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marker commemorates the Butterfield Overland Stage. The Springfield
station was at the General Smith's Tavern on the east side of Boonville
Avenue, one-half block north of the Public Square. The tavern became
the Nathan clothing store, which burned down in 1913 and was replaced
by the Barth clothing store and, more recently, by various other
businesses. The marker is on the northwest corner of the wall of
that building. The text of the marker reads as follows:
"SITE OF GEN. NICHOLAS SMITH'S TAVERN ON BOONVILLE ROAD, EARLIEST
OUTLET OF SPRINGFIELD, ALSO STATION OF BUTTERFIELD STAGE ROUTE
CARRYING FIRST OVERLAND MAIL FROM ST. LOUIS TO PACIFIC COAST.
GOVERNMENT SUBSIDY $600,000 YEARLY. FIRST MAIL LEFT ST. LOUIS
SEPT. 16, 1858, BY RAIL, ARRIVING TIPTON AFTERNOON OF SAME DAY,
THEN BY STAGE, REACHING SPRINGFIELD 5:15 P.M., SEPT. 17, AND
SAN FRANCISCO 7:30 A.M. OCT. 10. TIME 23 DAYS, 23 HOURS FROM
ST. LOUIS, 2765 MILES. LONGEST MAIL STAGE ROUTE EVER ATTEMPTED.
BI-WEEKLY SERVICE MONDAYS AND THURSDAYS FROM ST. LOUIS. 141
(LATER 167) STATIONS EN ROUTE. FIRST EASTBOUND STAGE LEFT SAN
FRANCISCO EARLY SEPT. 15, ARRIVING SPRINGFIELD 3:00 P.M., OCT.
8, WHERE HUNDREDS WELCOMED ITS ARRIVAL AS GREAT EVENT. BANQUET:
SPEECHES: FIREWORKS. TIME EASTWARD TRIP, 24 DAYS, 18 HOURS TO
ST. LOUIS. UNIVERSITY CLUB MARKER NO. 18. ERECTED NOV. 1932."
The Butterfield Stage was an important part of the early history
of Springfield. The creator of the stage line was John Butterfield.
Born in Bern, New York in 1801, Butterfield advanced from a stage
coach driver to the head of his company in New York state. He was
one of the founders of the American Express Company and the Wells
Fargo Company. He got the bid for the overland mail contract via
the passage of the Overland California Mail bill of 1857, supported
by Springfield's own John S. Phelps, later a Union general and governor
of Missouri. The contract was for Butterfield to establish semi-weekly
mail and passenger service from the Mississippi River to San Francisco
for six years, the trip to be made in 25 days.
The St. Louis to San Francisco route began by train to Tipton,
Missouri, south of Boonville. It then followed the Old Wire (telegraph)
Road via Warrensburg and Bolivar to Springfield, leaving the town
along Fassnight Creek, on to Cassville, Ft. Smith, San Antonio,
El Paso, Yuma, San Diego, Los Angeles, and San Francisco. At Springfield
the 3,000 lb. Concord Coach was replaced by a "Celerity Wagon,"
an open-sided vehicle better suited to the heat of the southwest.
Mules replaced horses for part of the journey, giving the line the
name "Jackass Mail."
The fare was $200 one way or ten cents a mile for a portion of
the trip. Six to nine passengers were inside the coach, and an unlimited
number crowded on top (presumably at a reduced rate). A letter could
be sent all the way for a dime! (Compared with the Pony Express,
St. Joseph to San Francisco, which cost $5.00 for a letter -- but
in only ten days.) The average speed was 15 miles per hour and a
120 rough miles a day.
The first west bound stage was driven by John Butterfield, Jr.
with his father one of the passengers. The elder Butterfield, T.
R. Corbin, and Judge Wheeler with his wife and two children left
Springfield on the coach after a 45-minute stay. W. L. Ormsby, a
reporter for the New York Herald, was also aboard and his account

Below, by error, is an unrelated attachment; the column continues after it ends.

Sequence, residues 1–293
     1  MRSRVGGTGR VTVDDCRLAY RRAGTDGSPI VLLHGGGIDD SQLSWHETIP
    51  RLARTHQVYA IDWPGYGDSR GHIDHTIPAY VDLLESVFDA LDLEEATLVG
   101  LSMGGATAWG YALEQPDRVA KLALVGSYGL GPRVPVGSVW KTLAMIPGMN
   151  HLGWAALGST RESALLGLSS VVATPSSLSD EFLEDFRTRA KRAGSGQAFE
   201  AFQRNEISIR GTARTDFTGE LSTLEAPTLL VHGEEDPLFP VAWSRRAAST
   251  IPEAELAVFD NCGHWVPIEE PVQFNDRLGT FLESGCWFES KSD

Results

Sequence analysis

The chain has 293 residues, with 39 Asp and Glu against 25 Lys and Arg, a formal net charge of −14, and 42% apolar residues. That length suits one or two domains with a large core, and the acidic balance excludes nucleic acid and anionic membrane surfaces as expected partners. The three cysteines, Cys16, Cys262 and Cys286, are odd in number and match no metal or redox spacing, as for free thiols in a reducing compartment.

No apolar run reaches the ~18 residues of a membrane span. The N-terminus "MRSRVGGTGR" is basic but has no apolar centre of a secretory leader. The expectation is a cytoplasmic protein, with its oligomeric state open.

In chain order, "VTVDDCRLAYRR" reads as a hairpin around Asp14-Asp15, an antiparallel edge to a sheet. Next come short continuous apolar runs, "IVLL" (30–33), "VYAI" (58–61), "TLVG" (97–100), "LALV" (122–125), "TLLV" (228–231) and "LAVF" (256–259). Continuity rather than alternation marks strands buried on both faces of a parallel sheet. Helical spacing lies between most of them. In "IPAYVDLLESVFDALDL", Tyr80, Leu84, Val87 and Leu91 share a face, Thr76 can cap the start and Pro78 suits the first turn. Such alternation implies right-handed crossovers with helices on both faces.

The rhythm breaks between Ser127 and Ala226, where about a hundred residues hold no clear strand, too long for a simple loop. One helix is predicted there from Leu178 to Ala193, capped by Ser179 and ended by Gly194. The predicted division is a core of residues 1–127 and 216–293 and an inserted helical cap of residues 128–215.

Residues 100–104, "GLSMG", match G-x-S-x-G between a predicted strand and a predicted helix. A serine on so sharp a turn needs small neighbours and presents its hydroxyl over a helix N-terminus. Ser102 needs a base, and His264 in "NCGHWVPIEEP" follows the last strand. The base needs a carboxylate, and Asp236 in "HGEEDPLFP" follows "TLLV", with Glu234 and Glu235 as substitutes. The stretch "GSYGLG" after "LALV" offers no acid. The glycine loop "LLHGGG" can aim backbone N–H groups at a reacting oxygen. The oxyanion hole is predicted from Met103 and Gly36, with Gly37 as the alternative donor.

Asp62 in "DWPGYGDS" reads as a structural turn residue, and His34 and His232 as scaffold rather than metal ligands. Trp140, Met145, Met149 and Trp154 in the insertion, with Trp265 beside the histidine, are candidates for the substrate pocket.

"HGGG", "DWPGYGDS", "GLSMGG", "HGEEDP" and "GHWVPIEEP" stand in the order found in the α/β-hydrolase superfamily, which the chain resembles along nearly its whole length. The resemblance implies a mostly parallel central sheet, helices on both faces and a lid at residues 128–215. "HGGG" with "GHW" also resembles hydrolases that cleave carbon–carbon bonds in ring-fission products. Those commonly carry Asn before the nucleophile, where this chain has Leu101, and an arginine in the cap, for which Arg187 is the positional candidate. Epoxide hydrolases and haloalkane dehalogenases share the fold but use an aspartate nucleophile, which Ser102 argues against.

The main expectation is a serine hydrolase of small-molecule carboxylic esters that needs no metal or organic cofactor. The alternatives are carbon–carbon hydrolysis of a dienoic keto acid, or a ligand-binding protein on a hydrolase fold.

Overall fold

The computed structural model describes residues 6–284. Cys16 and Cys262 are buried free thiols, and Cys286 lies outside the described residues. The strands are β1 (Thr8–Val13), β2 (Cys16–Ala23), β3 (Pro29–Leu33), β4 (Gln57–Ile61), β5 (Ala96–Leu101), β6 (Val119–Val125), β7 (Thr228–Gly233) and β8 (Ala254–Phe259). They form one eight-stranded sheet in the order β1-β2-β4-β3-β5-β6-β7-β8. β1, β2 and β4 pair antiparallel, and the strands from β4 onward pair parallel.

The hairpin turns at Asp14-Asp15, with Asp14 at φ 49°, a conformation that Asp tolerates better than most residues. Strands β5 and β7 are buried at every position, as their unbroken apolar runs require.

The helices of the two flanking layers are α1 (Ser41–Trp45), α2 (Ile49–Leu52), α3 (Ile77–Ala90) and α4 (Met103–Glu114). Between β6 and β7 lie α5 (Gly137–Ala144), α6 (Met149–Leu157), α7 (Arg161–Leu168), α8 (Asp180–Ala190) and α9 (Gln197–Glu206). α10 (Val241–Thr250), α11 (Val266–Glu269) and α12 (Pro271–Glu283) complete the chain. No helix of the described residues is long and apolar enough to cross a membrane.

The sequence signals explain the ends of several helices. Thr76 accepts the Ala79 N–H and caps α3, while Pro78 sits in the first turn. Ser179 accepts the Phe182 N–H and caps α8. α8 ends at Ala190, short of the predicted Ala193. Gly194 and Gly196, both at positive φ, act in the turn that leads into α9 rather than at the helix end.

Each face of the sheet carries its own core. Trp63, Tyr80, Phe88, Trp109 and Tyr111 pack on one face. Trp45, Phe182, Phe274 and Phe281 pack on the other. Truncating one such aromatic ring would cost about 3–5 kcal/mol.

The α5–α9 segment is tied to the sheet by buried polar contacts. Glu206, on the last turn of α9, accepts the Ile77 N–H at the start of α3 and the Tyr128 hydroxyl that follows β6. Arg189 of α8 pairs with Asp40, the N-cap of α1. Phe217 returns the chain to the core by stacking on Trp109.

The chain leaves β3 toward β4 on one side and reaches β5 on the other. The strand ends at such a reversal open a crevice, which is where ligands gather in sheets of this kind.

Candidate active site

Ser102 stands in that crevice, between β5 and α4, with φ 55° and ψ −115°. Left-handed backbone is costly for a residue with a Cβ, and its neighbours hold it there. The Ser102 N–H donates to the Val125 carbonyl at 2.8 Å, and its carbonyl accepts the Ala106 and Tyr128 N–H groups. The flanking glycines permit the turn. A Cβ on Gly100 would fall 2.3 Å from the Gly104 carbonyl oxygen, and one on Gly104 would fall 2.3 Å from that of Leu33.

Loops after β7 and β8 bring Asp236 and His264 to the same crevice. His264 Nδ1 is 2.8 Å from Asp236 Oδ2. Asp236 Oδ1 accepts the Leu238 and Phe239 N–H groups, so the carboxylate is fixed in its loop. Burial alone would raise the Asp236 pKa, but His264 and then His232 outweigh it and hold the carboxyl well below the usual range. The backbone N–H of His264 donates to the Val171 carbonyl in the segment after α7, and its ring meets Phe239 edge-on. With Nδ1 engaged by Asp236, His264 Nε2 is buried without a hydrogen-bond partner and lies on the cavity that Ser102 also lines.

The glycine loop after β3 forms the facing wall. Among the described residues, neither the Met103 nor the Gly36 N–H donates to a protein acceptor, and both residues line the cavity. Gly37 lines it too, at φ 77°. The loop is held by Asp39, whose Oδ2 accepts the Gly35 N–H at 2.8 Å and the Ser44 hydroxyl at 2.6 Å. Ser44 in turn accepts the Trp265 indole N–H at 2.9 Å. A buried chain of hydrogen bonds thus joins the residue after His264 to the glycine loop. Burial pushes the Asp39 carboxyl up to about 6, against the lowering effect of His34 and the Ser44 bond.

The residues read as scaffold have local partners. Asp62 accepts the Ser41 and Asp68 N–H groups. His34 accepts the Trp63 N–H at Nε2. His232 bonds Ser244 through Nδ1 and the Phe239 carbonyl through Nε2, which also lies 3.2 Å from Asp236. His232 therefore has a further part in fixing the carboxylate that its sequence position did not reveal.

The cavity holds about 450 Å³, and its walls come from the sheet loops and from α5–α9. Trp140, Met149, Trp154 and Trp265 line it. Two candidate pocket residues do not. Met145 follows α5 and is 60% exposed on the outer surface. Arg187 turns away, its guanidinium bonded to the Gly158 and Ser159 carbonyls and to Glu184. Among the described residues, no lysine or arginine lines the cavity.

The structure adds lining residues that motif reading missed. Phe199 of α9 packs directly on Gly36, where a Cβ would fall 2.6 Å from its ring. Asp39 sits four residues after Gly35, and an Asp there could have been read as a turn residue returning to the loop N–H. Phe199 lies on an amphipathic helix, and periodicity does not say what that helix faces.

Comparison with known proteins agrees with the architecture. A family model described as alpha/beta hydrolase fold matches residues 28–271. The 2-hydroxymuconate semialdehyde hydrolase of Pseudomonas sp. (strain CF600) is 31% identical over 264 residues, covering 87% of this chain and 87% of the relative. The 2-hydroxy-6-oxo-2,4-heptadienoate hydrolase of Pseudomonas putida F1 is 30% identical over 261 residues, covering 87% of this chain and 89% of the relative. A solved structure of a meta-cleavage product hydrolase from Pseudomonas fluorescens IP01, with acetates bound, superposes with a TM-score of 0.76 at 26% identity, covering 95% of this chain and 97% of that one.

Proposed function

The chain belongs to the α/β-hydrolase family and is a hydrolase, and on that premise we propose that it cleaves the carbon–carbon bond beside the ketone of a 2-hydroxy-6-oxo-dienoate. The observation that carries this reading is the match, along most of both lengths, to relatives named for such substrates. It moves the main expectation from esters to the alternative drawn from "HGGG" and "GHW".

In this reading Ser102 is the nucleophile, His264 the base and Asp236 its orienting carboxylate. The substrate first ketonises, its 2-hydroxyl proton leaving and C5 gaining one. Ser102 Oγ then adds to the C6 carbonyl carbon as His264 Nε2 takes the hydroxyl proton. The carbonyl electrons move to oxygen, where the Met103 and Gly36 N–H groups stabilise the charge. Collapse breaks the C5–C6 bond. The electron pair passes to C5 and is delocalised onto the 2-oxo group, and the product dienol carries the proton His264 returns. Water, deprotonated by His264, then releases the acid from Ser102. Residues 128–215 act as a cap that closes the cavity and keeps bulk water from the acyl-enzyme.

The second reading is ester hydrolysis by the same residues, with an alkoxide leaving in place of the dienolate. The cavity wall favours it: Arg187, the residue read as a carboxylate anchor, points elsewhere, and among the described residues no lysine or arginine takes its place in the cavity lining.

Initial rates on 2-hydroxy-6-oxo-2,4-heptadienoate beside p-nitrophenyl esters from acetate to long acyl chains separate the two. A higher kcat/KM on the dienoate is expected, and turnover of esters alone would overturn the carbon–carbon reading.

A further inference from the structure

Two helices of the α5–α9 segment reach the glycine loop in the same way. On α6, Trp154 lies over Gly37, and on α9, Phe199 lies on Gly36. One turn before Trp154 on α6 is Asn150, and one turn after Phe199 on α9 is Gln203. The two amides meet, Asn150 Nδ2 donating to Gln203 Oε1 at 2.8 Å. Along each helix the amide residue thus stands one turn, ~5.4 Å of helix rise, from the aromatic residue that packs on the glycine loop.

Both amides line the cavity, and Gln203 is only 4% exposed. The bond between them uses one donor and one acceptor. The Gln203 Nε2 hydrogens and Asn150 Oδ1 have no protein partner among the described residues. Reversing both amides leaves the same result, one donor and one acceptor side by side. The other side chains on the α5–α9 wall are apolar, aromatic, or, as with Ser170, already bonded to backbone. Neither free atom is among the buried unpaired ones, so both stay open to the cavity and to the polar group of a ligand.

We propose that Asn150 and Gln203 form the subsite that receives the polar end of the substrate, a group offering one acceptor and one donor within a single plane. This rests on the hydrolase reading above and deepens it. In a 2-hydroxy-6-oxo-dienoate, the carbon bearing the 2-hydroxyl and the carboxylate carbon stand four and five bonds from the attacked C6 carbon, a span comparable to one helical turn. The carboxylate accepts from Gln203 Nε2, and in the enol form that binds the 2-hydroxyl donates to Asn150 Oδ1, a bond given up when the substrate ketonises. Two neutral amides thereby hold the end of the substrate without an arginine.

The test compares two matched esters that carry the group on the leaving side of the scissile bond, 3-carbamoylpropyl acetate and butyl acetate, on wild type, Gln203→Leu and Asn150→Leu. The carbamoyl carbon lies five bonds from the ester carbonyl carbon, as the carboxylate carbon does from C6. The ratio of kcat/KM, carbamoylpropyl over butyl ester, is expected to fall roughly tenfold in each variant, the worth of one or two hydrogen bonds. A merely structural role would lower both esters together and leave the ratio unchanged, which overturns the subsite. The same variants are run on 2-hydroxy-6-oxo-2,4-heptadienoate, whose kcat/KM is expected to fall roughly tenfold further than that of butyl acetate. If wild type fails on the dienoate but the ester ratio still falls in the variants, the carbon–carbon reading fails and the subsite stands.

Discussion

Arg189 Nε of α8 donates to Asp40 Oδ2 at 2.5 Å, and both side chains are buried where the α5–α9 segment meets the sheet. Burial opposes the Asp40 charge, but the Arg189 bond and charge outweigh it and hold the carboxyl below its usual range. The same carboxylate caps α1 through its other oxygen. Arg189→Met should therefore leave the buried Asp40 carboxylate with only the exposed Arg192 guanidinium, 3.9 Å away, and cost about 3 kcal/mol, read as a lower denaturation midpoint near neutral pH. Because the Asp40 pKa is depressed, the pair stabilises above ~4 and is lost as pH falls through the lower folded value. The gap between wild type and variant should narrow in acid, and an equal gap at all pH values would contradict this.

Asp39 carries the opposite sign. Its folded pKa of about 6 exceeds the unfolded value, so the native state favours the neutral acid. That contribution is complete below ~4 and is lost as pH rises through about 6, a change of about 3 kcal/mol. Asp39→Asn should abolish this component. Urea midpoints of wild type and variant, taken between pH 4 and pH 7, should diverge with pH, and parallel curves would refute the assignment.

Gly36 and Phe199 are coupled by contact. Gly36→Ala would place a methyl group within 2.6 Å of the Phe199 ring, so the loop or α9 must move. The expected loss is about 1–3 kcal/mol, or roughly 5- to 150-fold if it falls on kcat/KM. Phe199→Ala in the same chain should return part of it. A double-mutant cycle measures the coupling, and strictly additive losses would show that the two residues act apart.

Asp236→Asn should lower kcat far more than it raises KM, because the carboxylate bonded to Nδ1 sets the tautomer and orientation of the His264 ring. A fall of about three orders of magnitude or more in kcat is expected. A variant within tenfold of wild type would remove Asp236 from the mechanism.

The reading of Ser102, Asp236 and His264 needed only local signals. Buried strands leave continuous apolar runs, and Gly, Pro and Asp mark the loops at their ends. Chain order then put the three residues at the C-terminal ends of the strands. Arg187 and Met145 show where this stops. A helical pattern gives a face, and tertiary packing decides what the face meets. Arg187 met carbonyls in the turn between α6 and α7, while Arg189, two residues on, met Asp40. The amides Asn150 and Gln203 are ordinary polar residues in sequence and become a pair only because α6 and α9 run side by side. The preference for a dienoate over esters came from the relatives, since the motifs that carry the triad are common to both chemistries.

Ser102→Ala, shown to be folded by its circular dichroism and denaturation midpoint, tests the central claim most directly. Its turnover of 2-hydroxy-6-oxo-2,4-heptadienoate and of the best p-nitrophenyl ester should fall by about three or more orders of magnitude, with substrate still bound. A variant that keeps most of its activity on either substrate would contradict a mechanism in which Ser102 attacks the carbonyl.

of the journey is in the Huntington Library in California. Of his
stop in Springfield, he wrote: "It is a flourishing town of about
2,000 inhabitants and has been for 25 years the seat of the General
Land Office. It has several churches, a branch of the State Bank
of Missouri, and if somebody there had enterprise enough to build
a lot of houses, it would be a rapidly growing town. The passage
through it of the Overland Mail...has much increased its importance."
Ormsby recorded in his dispatches back to the Herald that the roads
between Springfield and Ft. Smith were the worst along the first
run; then Ormsby decided to take a ship "around the Horn" rather
than to return to St. Louis on the stage coach.
Nicholas Smith, a general in the state militia, built his hotel
at the stage stop in Springfield on the east side of Boonville Avenue
as it entered the public square from the north. He was one of the
town's earliest and most prominent citizens, its largest slave holder,
the receiver of the U. S. Land Office, and "Commissioner of Swamp
Lands in Missouri" (a long way from Swamp-East, Missouri!). He was
rich -- left an estate of over $100,000 when he died in 1858 at
age 55. Mrs. Smith had the first piano in the area; she played it
for the Delaware Indians, no doubt to their awe and amazement. (Her
family must have been well off, since the piano was a gift when
she graduated at sixteen from a ladies' seminary in North Carolina.
The piano was brought here by wagon.)
It is not recorded whether liquor (called "groceries" in the early
days) was sold in the hotel; if so, the establishment was a considerable
cut above the ordinary saloons, called "doggeries" or "dram shops."
An active nationwide temperance movement, dating from the 1840's,
managed to close these facilities intermittently; in 1849 a temperance
building rose at the northeast corner of the Square. Court action
would open the saloons and the groceries flowed again. The last
time Greene County voted dry was in 1910. The Smith Hotel was one
of 200 stage stops (four of these in Mexican Territory) at the zenith
of the Butterfield Overland Mail. It was probably one of the plushest;
at some others, accommodations and meals were sparse indeed. The
Civil War made the southern route untenable, and after 19 months
existence the U. S. mail left from St. Joseph, and the Jackass Mail
—Prepared by G. Bruce Lemmon, Jr. and Robert H. Gibbons
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